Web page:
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Terms in this set (20)
a perspective device based on the observation that as objects recede in space, the effects of light and atmospheric dust result in values having less contrast in the distance.
a method of drawing developed in renaissance Italy that uses a horizon line and vanishing points to show that lines converge as they recede in space.
optical illusion that objects appear smaller as they recede in space.
regular oval shape; a circle becomes this when seen in perspective.
height of your eyes when looking at an object; you may be looking down, up, or directly at an object; in perspective drawing, this is the same level as the horizon line.
organization, arrangement of basic visual elements in a drawing, in relationship to each other and the whole.
quick preliminary drawing to determine the organization of a picture; NOT detailed.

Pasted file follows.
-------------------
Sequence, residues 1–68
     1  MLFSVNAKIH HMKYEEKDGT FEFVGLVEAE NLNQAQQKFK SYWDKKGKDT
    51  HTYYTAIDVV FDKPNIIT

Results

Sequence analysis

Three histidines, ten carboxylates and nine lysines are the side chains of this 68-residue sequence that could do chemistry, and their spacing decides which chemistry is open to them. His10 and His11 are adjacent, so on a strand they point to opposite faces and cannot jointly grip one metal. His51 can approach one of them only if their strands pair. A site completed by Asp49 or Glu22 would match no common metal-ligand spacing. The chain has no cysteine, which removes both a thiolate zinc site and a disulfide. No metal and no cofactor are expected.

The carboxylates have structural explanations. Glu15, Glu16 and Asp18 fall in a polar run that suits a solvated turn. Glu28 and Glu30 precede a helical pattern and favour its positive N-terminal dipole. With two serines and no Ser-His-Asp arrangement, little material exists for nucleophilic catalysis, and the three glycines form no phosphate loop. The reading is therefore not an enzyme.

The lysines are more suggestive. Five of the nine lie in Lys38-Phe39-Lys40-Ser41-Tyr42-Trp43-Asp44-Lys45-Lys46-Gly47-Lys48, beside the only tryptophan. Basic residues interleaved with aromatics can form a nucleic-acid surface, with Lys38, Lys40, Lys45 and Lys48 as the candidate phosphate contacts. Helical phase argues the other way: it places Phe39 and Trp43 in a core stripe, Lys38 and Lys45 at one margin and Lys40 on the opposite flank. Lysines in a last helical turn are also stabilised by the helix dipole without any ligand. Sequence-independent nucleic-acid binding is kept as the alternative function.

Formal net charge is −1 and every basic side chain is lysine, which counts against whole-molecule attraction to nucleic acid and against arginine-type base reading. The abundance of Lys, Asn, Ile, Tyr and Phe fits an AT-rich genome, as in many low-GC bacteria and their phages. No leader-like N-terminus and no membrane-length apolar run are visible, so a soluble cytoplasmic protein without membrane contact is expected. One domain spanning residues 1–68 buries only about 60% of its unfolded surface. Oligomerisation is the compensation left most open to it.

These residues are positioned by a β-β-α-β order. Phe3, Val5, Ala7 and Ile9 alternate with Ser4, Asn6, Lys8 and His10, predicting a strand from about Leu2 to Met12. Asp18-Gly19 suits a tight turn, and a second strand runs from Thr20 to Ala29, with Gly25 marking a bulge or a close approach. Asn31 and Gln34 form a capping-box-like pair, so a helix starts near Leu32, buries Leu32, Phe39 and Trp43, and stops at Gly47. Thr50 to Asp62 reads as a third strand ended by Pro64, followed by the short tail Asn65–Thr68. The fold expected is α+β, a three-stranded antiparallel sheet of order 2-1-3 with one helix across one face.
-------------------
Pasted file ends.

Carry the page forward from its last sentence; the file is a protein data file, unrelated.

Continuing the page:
a variety of width, value, and activity in line that can be used for both descriptive and expressive purposes.
the line describing the outside edge of a form.
a line used to follow the edges of forms; this may be applied along, as well as within, the outer edges of a depicted form.
relative degree of lightness or darkness, black and white and all the grays in between.
the transition from light to dark to create spatial illusion.
a two dimensional area bounded by line or value or both (two main types: organic and geometric)
drawing primarily concerned with specific visual stimuli - what you SEE.
drawing primarily conceived in the mind of the artist - what you THINK.
viewpoint primarily concerned with the personal, emotional response of the individual.
viewpoint primarily concerned with the factual information available.
the area in the drawing occupied by the shape of the object that serves as the subject of the drawing.
the remaining space surrounding the positive shape in the picture plane; the relationship of the positive to negative is also called the figure-to-ground relationship.
vertical and horizontal alignment
position with reference to vertical and horizontal axes - is something in your composition to the left, to the right, above, and below something else.